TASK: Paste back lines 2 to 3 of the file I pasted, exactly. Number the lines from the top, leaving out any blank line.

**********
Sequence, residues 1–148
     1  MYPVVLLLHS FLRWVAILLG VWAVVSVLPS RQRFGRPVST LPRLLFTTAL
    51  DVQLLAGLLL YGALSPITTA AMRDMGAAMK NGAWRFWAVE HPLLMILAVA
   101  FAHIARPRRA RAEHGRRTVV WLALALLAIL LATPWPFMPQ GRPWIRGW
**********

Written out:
     1  MYPVVLLLHS FLRWVAILLG VWAVVSVLPS RQRFGRPVST LPRLLFTTAL
    51  DVQLLAGLLL YGALSPITTA AMRDMGAAMK NGAWRFWAVE HPLLMILAVA